In general, all of the sludge samples behaved similarly when placed in the microwave field. The average melting times were controlled by the operator by visual inspection of the melt, but the melting temperatures remained constant for each trial.
Two methods were used to increase the density of the final cast. The first was the addition of fluxes to the sludge to decrease the molten viscosity, and the second was to continuously feed the sludge into the container. Fourteen trials were made using various fluxing agents, 11 batch fed and 3 continuously fed.
The average volume reduction for the fluxed samples, excluding the anhydrous and hydrated borax, was 52.1%, as compared to 79.0% for the borax. The continuously fed borax samples were higher in density than the batch fed samples. The average density and resulting volume reduction for the continuously fed samples were 2.25 g/cc and 82.9%, respectively, excluding the 30 wt % diatomite sample.
In general, the continuous feeding of material into the waste container resulted in higher densities and greater volume reductions than the batch fed method. Nine tests were performed continuously feeding sludge through a screwfeeder into an 8 liter container. An initial 2.0 kg charge was added to the container to initiate a melt. After the initial charge melted and the infrared thermometer was consistently above 1000° C., screwfed addition was started. The screwfeeder hopper was filled with 2.0 kg of sludge at approximately 60 minute intervals and the sludge was metered in over this period. After the final addition of sludge, the cast was left in the microwave field for approximately 30 minutes or until all bubbling action ceased.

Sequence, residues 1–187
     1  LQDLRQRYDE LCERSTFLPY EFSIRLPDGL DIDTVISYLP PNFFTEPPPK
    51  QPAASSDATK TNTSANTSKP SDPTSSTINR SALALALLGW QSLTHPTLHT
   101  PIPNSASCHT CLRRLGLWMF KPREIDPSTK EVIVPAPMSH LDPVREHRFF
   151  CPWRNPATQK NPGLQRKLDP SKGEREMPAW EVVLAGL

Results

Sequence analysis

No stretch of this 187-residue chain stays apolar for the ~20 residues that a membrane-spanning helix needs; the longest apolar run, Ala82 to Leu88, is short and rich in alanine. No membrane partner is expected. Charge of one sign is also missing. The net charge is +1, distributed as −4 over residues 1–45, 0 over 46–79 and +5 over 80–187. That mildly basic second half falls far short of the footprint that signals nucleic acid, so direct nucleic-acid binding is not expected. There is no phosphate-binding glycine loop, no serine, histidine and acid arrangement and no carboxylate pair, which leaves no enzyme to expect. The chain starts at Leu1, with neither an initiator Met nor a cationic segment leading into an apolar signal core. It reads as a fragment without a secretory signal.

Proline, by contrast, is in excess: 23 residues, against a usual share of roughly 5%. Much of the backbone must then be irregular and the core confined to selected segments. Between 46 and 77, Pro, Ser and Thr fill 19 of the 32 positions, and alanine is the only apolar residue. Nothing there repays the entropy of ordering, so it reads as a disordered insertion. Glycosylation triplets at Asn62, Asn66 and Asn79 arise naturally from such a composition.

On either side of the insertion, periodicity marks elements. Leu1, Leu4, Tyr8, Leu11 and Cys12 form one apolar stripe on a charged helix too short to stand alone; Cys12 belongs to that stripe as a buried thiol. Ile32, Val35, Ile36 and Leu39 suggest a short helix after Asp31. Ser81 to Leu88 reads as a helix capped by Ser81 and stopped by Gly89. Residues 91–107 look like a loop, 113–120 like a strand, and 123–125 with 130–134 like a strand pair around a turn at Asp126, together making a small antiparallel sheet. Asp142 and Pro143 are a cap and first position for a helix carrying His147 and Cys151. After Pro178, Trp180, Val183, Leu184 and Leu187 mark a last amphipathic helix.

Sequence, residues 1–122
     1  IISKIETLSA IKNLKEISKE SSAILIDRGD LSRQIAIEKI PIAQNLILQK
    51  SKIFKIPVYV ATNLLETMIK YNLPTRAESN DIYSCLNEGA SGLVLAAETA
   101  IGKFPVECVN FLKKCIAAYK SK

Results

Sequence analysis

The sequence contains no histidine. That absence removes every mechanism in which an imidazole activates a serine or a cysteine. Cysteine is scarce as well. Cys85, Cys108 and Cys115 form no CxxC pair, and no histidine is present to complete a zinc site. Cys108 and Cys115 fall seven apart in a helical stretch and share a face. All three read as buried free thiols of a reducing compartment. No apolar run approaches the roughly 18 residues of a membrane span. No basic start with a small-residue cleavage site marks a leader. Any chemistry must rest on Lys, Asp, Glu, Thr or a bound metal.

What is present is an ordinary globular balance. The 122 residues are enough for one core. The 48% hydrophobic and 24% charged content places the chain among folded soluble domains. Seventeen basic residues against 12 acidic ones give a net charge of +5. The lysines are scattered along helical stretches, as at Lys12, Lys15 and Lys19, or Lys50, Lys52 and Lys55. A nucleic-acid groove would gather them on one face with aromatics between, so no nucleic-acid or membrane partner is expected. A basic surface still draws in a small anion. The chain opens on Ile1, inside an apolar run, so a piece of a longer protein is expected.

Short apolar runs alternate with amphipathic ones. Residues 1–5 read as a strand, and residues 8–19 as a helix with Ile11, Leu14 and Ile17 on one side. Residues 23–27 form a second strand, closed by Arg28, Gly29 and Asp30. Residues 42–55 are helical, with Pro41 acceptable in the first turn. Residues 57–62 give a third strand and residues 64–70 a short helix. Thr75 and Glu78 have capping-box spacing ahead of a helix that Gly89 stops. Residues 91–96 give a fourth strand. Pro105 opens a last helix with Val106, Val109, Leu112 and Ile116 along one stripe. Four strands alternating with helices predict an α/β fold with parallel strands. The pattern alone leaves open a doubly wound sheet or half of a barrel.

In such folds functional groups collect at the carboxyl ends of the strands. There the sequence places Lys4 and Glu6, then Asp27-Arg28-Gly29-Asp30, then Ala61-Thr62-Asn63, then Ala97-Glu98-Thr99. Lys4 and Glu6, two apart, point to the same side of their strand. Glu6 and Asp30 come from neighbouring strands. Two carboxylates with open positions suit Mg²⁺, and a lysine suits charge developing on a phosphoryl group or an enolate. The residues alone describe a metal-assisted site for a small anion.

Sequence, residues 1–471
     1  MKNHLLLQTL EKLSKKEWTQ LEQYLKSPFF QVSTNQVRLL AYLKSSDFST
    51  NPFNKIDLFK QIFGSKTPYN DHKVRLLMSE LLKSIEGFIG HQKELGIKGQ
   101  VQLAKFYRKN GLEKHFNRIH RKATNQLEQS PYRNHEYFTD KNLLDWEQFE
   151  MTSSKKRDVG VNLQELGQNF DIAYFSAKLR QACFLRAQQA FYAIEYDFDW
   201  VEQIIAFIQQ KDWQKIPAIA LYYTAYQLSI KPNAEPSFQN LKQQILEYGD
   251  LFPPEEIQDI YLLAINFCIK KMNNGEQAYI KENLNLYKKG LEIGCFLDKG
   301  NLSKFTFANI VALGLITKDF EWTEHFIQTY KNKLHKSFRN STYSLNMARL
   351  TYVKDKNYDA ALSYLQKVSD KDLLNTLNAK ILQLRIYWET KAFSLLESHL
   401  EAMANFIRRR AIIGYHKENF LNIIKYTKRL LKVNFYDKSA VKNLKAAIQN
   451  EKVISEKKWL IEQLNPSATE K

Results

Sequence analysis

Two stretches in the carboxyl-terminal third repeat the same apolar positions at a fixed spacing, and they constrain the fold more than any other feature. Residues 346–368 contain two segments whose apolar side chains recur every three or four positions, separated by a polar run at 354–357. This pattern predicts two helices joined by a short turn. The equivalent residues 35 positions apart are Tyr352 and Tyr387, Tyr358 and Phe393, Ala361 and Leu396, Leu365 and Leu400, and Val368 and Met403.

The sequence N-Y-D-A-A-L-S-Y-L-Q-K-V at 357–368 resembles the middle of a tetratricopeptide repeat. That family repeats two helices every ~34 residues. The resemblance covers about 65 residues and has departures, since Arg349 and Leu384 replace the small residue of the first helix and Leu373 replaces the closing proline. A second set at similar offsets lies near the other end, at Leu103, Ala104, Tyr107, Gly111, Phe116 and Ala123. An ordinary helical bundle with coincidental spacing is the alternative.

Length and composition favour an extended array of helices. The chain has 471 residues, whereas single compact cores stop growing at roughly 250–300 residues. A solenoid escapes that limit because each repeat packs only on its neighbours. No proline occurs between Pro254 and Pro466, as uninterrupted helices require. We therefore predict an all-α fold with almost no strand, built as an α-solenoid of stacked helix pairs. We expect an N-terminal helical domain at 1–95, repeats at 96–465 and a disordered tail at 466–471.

Two trials were run using sludge that contained less diatomite to determine the effect on the volume reduction and physical characteristics of the final cast. One sample contained 65 wt % diatomite and another contained 30 wt % diatomite. The density and volume reduction of the 60 wt % sample was the same as the other samples; however, in comparison, the 30 wt % sample exhibited a relatively low density, and volume reduction, 1.3 g/cc and 27%, respectively.
Two trials were done using carbon steel containers to determine the effect of heating the material over an extended period of time. The containers were constructed from 16 gauge carbon steel to simulate the metal drums that are being considered for an upscaled system. Approximately 10 % of the metal thickness was oxidized on the section of the container exposed to the melt.